To that end, I'd like to see us make a commitment to burning HAM's rush ends if they overplay the run RIGHT AWAY. So, on the first play on the first offensive series, run a QB roll off play action. If Crompton can pick up 5+ yards on that roll, we'll have planted the seed of doubt in Hamilton's defensive ends right away and taken the edge off their willingness to run-blitz the RB. So maybe the next time, there's a better lane for Sutton/Rutley because the ends now have to respect the possibility of Crompton breaking to the outside. And the logical extension of that play would be Crompton going play action on the half roll but then throwing on the run to the field WR (or possibly the boundary slot on a shallow cross once the field WR and field slot have "cleared out" the underneath coverage by going deep).

What I'm essentially saying is: when running the ball, we have to attack the whole field, including the perimeter, and we have to use every trick in our playbook to misdirect and confuse the Cats, whose run D is second to none. If we think we're going to have success by just running our standard package of run plays in ordinary sequence, we'll get stuffed for nothing, Dinwiddie will go away from the run game, and bad things will happen to us. Dinwiddie, Garcia, Schonert, Sweet, and Speckman have to sit down and come up with a creative game plan to attack Hamilton and then make sure every play is properly installed.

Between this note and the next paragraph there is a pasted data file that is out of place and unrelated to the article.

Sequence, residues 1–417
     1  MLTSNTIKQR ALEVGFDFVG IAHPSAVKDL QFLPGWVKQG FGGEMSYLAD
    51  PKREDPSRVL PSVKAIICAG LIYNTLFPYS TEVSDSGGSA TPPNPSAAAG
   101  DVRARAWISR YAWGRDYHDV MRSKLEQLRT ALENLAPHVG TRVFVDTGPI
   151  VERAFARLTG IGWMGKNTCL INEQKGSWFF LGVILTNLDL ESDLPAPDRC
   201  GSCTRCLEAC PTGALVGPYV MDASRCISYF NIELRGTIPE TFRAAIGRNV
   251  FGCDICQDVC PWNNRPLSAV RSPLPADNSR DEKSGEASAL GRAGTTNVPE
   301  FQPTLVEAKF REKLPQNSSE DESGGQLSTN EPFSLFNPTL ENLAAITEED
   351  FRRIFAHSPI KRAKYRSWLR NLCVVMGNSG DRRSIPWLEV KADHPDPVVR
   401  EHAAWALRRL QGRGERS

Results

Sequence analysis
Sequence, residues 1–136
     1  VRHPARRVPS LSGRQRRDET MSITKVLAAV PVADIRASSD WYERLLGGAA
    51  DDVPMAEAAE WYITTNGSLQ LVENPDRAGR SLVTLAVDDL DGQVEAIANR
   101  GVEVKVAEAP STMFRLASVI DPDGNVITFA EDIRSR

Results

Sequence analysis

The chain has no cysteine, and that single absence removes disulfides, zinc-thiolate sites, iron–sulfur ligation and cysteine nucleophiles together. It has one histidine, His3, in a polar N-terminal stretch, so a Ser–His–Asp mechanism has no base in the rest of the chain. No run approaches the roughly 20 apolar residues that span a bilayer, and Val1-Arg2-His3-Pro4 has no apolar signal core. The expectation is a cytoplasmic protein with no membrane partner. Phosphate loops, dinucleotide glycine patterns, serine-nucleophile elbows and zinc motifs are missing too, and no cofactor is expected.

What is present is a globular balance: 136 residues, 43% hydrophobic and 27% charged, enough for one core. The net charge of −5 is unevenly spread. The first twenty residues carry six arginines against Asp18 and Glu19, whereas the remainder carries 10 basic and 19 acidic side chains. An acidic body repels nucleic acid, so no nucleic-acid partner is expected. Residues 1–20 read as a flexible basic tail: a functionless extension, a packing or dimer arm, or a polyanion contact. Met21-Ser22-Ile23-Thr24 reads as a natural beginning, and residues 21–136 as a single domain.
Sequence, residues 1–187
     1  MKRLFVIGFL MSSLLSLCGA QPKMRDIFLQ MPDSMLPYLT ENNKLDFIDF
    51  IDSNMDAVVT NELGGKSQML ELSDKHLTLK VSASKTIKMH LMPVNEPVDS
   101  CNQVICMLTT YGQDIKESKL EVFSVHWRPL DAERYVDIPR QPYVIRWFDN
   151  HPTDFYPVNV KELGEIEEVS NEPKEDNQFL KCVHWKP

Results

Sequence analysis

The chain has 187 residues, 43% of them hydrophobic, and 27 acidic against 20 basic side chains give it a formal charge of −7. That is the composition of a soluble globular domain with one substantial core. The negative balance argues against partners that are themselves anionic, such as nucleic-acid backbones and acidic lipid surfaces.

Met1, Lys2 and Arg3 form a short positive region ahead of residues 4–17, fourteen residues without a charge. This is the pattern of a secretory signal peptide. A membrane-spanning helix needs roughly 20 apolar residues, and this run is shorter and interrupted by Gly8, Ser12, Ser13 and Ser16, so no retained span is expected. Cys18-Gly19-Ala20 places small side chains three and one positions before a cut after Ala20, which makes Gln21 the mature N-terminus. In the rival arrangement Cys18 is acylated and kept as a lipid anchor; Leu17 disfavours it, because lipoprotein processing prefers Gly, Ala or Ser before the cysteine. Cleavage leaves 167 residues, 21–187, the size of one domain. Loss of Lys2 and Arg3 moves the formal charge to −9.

This is our season now. Win or go home. Everyone has to bring their A game, INCLUDING the coaches.

That's good to know, but something still needs to change, because we have made a habit of doing squat for the first 15 minutes of a game. We've talked about this before but I'll say it again: those scripted plays are garbage and need an overhaul. A good OC can script the first few plays but also get RESULTS with those plays. Right now it's just a lab experiment, especially that stupid handoff on first down which we always do with zero gain or loss of yardage.